How to Qualify as a Foreign Business in Kansas

Learn the rules for qualifying your LLC to do business in Kansas.



If you own a business that was created in a state other than Kansas, you will need to qualify or register that business in Kansas if you want to do business there. Here is an overview of the rules on how to qualify your foreign (non-Kansas) limited liability company (LLC) to do business in Kansas.

Note:  Part of Kansas’s rules for registering foreign LLCs is contained in a relatively new set of laws—the Business Entity Standard Treatment Act—covering registration of foreign businesses generally. The Act refers to these businesses collectively as “foreign entities.”

What is a Foreign LLC?

For Kansas purposes, if your LLC is formed in another state, then it is known as a foreign LLC in Kansas. In other words, foreign doesn’t mean from another country. Instead, it means your business was organized under the laws of another state. A domestic LLC, on the other hand, is one that is formed in the state where it is doing business. This is common usage throughout the United States. For example, an LLC formed in Rhode Island is a foreign LLC in Massachusetts.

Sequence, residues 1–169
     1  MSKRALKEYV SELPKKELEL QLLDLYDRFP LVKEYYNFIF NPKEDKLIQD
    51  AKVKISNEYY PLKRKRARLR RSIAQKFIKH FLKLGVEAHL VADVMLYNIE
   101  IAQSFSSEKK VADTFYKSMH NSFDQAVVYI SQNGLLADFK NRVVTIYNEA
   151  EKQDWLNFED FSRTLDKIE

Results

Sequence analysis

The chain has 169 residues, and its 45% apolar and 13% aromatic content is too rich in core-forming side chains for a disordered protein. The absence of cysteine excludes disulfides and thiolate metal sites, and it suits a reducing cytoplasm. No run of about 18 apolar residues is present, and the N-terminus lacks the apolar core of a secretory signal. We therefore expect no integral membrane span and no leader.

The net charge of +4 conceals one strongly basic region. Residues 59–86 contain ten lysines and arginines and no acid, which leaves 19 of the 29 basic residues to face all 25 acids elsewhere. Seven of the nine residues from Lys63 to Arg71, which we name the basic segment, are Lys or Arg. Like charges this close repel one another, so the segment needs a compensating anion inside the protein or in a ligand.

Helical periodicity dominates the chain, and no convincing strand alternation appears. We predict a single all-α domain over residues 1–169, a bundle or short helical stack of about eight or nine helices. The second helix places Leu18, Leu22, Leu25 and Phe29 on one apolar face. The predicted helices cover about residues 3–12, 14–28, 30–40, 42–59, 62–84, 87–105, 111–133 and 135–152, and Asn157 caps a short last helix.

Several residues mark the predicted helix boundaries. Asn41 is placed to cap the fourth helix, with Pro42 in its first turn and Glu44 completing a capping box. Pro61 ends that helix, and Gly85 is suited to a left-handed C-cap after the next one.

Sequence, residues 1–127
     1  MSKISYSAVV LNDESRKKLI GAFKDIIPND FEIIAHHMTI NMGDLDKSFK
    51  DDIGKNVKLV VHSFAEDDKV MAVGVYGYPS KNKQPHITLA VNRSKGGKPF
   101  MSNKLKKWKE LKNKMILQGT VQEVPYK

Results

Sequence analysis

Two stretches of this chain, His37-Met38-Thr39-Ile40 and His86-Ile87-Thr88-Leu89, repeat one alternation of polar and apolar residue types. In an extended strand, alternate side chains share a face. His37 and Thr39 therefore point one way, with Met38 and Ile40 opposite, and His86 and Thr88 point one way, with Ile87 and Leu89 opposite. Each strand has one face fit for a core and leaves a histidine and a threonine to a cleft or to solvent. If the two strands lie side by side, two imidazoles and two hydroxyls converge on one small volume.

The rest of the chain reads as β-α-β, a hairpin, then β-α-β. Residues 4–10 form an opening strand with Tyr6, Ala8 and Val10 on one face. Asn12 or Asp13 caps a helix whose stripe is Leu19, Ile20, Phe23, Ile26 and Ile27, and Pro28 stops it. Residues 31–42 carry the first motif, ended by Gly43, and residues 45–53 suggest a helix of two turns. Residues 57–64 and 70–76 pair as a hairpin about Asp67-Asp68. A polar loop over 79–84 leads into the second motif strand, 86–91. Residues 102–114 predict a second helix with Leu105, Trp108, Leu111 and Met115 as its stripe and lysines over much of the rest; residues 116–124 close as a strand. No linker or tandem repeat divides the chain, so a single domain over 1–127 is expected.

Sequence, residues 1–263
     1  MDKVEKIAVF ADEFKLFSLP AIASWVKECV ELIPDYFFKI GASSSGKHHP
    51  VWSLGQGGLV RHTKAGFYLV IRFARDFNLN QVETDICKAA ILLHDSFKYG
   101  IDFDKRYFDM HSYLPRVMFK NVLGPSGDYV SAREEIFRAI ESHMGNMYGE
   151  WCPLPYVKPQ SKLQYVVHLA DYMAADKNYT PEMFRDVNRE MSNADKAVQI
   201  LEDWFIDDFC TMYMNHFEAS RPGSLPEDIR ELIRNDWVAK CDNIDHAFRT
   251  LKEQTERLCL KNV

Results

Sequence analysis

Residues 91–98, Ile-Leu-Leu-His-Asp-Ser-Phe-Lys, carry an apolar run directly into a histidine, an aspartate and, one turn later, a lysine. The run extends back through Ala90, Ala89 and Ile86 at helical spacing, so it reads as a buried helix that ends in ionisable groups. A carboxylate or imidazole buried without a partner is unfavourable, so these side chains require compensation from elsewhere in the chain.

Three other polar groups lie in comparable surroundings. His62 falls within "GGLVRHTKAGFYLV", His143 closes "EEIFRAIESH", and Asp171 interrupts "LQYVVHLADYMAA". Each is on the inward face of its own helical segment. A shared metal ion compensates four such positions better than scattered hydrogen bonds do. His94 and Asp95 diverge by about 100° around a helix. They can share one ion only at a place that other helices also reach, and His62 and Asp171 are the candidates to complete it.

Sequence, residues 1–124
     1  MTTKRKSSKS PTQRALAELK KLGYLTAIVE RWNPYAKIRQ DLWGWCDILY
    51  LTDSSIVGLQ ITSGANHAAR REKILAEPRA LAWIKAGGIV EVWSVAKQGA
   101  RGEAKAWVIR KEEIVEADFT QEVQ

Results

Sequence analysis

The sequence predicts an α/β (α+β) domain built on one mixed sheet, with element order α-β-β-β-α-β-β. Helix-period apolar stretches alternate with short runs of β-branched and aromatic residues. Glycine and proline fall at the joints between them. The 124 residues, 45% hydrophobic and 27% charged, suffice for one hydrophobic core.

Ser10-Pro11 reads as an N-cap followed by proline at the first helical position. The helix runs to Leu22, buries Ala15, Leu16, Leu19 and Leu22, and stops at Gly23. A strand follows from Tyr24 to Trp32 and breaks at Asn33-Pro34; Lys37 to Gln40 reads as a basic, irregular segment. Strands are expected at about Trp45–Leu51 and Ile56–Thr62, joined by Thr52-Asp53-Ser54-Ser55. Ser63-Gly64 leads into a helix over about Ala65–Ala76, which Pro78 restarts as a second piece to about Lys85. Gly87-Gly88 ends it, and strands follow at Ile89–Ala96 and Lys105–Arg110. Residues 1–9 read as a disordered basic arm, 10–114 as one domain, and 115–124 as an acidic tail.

Transacting Business in Kansas

According to Kansas law, you are required to register your foreign company with the state of Kansas if you are “transacting business” in Kansas. What does this mean? Well, like most states, Kansas’s business entity laws do not specifically define the phrase “transacting business” in relation to foreign registrations.

However, state laws governing when foreign companies must collect state sales tax in their state provide some guidance on the issue. Under these laws, a business must have a physical presence in—or nexus with—the state in order to be required to collect state sales tax on sales to that state’s residents. Generally speaking, physical presence and nexus are synonymous, and mean having:

  • a warehouse in the state
  • a store in the state
  • an office in the state, or
  • a sales representative in the state.

Certain exceptions may apply and the rules can get more complicated with things like Internet sales. Nevertheless, in general, if you have an office, a store, a warehouse, or employees in another state, you will need to qualify your LLC as a foreign company in that state. For more details, including some possible distinctions between physical presence and nexus, check Nolo’s articles on  Internet Sales Tax: A 50-State Guide to State Laws.